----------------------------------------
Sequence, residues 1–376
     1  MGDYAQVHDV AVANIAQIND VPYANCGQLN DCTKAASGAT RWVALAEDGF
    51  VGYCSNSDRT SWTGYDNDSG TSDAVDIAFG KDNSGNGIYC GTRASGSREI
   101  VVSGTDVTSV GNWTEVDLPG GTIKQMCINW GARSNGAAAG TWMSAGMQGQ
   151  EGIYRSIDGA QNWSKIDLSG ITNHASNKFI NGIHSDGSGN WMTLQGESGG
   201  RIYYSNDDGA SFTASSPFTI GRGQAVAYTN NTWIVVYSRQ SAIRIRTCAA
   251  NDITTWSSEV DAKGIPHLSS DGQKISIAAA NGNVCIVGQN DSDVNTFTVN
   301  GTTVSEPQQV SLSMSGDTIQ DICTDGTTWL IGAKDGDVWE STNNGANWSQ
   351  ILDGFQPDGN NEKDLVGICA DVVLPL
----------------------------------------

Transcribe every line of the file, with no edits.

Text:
Sequence, residues 1–376
     1  MGDYAQVHDV AVANIAQIND VPYANCGQLN DCTKAASGAT RWVALAEDGF
    51  VGYCSNSDRT SWTGYDNDSG TSDAVDIAFG KDNSGNGIYC GTRASGSREI
   101  VVSGTDVTSV GNWTEVDLPG GTIKQMCINW GARSNGAAAG TWMSAGMQGQ
   151  EGIYRSIDGA QNWSKIDLSG ITNHASNKFI NGIHSDGSGN WMTLQGESGG
   201  RIYYSNDDGA SFTASSPFTI GRGQAVAYTN NTWIVVYSRQ SAIRIRTCAA
   251  NDITTWSSEV DAKGIPHLSS DGQKISIAAA NGNVCIVGQN DSDVNTFTVN
   301  GTTVSEPQQV SLSMSGDTIQ DICTDGTTWL IGAKDGDVWE STNNGANWSQ
   351  ILDGFQPDGN NEKDLVGICA DVVLPL